Sometimes you will need to do some supplementary exercises to help warmup a specific group of muscles.  Here are some video links to some exercises for specific muscle groups.

Shoulders & Upper Body-

Knees & Lower Leg-

Hips & Lower Back-


Once your warmup is complete it’s time to workout!  Some strength training workouts are full-body, while others are devoted to either lower or upper body depending on your fitness level and goals.  


Most strength training programs make use of supersets and circuits to keep you moving. Supersets are when you do a pair of exercises, back-to-back with minimal rest in between each exercise.  Supersets and Circuits are indicated under the “Order” column on your workout plan.  Each pairing of exercises is purposeful. This allows for more work to be done while limiting fatigue.  During a superset rest should be minimal, at most 30-seconds.  In between supersets, you may take up to a 2-minute rest.  Active Stretching is recommended in between supersets. Excessive rest will result in less progress.


Remember that it’s important to practice control over every rep.  If you practice good technique and control, you will get stronger faster.  Explode on the contraction, slow down on the negative phase of the rep, keep good form throughout the exercise.


After your workout, be sure to perform some stretching and mobility work.  This will help you recover faster and alleviate soreness.



There are several ways to progress your workout; the main thing is to challenge yourself.  


Most beginner programs start off with performing 2-3 sets of each exercise.  When picking what weight to use, you should be using a weight that leaves you feeling challenged by the last set, and it is difficult to finish all the repetitions.  


For most exercises you are looking for a moderate weight that challenges you by around 8-12 repetitions.  Some exercises call for a heavier weight to be used where you fatigue between 1-6 reps, while some exercises require a light weight where you fatigue between 15-20 reps.  Be sure to refer to your exercise program and ask your coach for progression options.  


For beginner programs, it is recommended to keep the weight the same until you can complete all sets with the recommended number of reps (Example 3x10).  Once you can complete all the sets, increase the weight by 5-10 lbs.  Keep repeating this process each week until progress slows down.  At that point, your coach will adjust the plan so you can continue to make progress.



Tell your coach and they will help you make it fun again.  Part of training is repetition, but it does not mean having to do the same thing every workout.  Each exercise has many ways to create variety, whether that means changing up which equipment you use to changing the order of exercises.  As long as we stick to the main goal of the workout, you will make progress.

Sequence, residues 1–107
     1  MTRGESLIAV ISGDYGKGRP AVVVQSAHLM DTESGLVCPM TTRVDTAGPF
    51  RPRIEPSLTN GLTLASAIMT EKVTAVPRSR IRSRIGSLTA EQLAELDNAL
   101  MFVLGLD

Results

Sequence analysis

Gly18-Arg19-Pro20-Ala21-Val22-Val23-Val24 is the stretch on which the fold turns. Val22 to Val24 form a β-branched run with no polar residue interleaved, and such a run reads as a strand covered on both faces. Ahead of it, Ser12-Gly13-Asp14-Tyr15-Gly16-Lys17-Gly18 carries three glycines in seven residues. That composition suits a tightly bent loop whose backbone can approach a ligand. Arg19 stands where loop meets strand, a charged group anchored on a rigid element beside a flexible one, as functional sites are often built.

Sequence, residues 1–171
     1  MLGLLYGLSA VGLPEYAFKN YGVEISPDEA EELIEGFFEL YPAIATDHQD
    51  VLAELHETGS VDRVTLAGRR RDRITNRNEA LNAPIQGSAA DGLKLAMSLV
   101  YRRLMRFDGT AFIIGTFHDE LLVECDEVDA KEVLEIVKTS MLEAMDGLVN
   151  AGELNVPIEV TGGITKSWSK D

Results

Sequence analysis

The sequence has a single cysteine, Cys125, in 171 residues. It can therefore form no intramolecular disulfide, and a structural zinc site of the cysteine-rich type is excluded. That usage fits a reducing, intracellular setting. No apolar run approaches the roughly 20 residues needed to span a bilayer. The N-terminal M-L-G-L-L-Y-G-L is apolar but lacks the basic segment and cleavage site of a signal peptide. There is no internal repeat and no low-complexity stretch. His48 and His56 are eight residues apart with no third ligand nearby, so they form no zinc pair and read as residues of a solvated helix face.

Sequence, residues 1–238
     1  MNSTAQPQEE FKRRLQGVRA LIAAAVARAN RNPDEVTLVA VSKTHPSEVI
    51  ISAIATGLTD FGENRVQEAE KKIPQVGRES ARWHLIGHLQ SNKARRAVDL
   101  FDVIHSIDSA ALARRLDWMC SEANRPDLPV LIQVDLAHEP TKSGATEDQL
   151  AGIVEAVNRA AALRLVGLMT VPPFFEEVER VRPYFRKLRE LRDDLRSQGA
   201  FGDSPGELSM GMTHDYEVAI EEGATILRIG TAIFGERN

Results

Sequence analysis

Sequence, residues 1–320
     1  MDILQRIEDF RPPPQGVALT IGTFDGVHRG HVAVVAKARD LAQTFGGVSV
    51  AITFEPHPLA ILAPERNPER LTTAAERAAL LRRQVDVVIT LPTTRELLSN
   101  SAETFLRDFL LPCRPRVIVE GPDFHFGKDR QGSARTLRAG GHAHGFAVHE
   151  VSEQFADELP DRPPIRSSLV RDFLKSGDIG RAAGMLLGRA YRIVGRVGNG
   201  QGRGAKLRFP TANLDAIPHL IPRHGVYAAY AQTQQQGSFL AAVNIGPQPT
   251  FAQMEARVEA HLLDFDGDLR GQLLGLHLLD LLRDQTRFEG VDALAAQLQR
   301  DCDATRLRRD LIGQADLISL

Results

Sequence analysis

It really depends on your goals.  Most well designed programs are meant to be performed for 2-3 months before making any major changes.  Remember to always give a new program time to work; many people don’t see much progress in the first month so decide they need to change their program prematurely.  You should only change your programming when you are no longer making progress with your completed program, or if your goals dramatically change.   



Our job as personal trainers & coaches is to design a workout program that fits with your goals & needs in mind. To do that we need you to communicate some things with us and consider the following.


1: What exercises do you love and which ones do you hate?  My favorite way to do this is by having our members put Happy😀 or Sad 🙁 faces next to the exercises on their workout sheet.  This allows us to customize your workouts to do the fun things more often and find alternatives for the exercises you hate.

2: Have fun with what you are good at, and practice things that you need to improve on often.  By playing with the things you like doing while shoring up any weaknesses you may have, you will make a lot of progress.  

3: Tell us if you are in pain, sick, or injured.  While some discomfort is expected with exercise, sharp pains and extreme soreness are not good.  Pain is an indicator that something is wrong.  Also, if you are sick, stay home and rest until you are healed up.  

4: Tell us if you haven’t slept, eaten, or hydrated well.  We will adjust your workout accordingly.  If this is an ongoing issue, we will help you come up with a solution.

5:  Follow the plan.  We are experts in our field and have designed your workout program just for you. If you deviate too much from the plan, it won’t work as intended.

6: Show up & Be on time.  Our coaches have a schedule and other appointments throughout the day. If you are late to your training time, your coach will not be able to give you the full attention you require.  If you are not consistently showing up for your appointments, you won’t be making progress.